State Senate Sit-lie Ban Fails in Committee

by Lukas Illa

With the room packed and members of the public spilling out to the hallway, the California Senate Committee on Public Safety rejected Senate Bill 1011, a bill that sought to criminalize homeless encampments within 500 feet of a public or private K-12 school, major transit stops and “open spaces.”

The committee voted 3-1 against SB 1011, with another one abstaining. The vote prevented the bill from moving to the full Senate. This was the second failed attempt at a statewide sit-lie ban in two years.

While the committee granted the bill reconsideration, a classification where it can still be brought to the Senate for a full vote, its future seems highly unlikely, given the committee’s rejection and lack of support from majority members. 

The two senators co-authored the bill, Brian Jones (R-Santee) and Catherine Blakespear (D-Encinitas), argued that it does not aim to criminalize homelessness but is instead  only a part of the toolbox necessary to solve homelessness.

“We all deserve to have clean spaces in public that are safe and inviting,” Blakespear said. “We also deserve to have open spaces that protect nature and do not create a flow of human and animal waste and trash and debris into our waterways.”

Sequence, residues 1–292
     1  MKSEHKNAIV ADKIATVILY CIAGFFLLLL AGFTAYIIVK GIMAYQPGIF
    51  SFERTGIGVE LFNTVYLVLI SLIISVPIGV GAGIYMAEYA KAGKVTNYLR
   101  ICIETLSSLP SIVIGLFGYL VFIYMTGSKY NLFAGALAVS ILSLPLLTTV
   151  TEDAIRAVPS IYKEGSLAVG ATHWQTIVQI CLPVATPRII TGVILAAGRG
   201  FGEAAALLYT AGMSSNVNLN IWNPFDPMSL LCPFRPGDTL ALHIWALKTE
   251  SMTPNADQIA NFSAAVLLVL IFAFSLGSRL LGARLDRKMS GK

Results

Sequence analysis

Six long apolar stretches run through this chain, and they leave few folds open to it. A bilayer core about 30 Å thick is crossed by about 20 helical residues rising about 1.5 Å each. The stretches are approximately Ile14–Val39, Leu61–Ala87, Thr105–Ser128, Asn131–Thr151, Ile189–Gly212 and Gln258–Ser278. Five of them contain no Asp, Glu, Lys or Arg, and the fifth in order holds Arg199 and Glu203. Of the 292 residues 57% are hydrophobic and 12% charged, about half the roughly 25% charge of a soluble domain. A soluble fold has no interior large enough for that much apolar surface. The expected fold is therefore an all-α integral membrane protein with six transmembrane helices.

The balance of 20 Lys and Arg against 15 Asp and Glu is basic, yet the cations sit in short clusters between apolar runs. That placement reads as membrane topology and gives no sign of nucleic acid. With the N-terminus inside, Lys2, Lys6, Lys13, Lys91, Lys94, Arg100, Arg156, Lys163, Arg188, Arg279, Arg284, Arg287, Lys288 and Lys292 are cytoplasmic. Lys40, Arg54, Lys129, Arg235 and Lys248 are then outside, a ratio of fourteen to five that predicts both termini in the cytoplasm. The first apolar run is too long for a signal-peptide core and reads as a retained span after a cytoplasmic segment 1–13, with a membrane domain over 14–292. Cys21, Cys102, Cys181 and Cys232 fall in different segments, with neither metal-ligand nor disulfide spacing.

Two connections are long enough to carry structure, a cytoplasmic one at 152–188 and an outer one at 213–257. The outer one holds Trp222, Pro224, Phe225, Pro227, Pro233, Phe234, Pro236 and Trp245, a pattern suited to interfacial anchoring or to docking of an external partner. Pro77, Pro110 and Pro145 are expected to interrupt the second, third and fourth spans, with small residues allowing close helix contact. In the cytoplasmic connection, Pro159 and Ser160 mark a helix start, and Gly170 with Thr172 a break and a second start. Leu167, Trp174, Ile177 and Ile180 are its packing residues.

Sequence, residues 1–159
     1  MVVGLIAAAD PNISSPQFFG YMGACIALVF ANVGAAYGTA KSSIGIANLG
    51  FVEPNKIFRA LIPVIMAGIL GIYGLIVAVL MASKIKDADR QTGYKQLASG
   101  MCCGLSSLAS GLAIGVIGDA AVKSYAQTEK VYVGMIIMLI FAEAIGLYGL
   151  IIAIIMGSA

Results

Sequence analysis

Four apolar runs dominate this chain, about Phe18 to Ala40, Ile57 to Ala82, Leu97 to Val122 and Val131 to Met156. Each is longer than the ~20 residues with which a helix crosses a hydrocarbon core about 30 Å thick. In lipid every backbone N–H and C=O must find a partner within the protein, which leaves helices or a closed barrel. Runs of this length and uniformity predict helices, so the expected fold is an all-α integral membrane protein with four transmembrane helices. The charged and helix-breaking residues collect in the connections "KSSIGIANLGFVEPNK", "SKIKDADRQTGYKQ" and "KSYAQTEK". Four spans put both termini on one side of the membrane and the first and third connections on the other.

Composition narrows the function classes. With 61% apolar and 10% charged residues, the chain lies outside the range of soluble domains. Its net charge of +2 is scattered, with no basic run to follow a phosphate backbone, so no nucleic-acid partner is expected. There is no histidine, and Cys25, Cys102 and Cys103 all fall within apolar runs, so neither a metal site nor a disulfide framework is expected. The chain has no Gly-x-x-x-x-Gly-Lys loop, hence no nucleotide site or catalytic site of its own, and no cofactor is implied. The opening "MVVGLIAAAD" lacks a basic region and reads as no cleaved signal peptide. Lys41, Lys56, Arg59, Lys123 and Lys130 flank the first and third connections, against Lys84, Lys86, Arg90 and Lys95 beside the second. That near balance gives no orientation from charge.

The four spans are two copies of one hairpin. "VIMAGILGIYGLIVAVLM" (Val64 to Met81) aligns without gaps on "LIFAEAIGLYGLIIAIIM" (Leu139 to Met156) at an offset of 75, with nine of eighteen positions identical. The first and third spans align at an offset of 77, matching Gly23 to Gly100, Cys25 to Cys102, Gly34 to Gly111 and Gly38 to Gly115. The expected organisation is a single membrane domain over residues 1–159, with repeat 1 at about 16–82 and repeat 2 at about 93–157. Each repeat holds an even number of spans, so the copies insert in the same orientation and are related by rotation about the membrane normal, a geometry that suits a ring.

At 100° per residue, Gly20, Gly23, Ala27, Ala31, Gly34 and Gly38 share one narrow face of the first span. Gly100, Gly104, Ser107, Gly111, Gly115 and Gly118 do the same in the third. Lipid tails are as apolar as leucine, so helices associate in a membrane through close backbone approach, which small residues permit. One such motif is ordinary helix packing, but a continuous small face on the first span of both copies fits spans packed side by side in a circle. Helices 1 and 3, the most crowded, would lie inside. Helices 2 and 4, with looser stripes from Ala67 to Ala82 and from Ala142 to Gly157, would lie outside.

Still, the bill met with opposition from homeless advocates. Dez Martinez, a pillar in the Fresno homeless advocacy community who opposed SB 1011, spoke of the violence that the city imposes upon unhoused people during sweeps.

“I have witnessed and endured brutal punishments on us, especially the ones that suffer with physical disabilities,” she said. “Punished because we don’t move fast enough, so everything is taken: blankets, food, clothing, medicine, IDs, tents, tarps, and even our dog food—anything that would help us survive to the next day.”

The American Civil Liberties Union California Action and a litany of homeless advocacy groups brought dozens of community members, such as Martinez, to voice opposition to the bill.

The public safety committee’s chair, Aisha Wahab (D-Fremont), and committee member Nancy Skinner (D-Oakland) both spoke to the limited protections  local and state governments offer people experiencing poverty. Skinner said that the bill was redundant because local municipalities already have the ability to institute similar ordinances.

Joining Wahab and Skinner in voting against the bill was Scott Wiener (D-San Francisco), who was absent  during the bill’s discussion in committee. Kelly Seyarto (R-Murrieta) was the lone yes vote. Sen. Steven Bradford (D-Gardena) voted present.

Last session, a similar bill, SB 31, had been introduced as an exclusively Republican-supported bill. This year, SB 1011 was a bipartisan effort with three Democrat co-sponsors: Blakespear, Bill Dodd (D-Napa) and Marie Alvarado-Gil (D-Modesto). With its success in securing bipartisan support on its second time around, SB 1011 appears primed to be re-introduced next session, too.

“SB 1011 will ultimately destroy many lives by pushing people further away from services,” Martinez told the committee. “We are dying, trying to survive. Please be our hope.”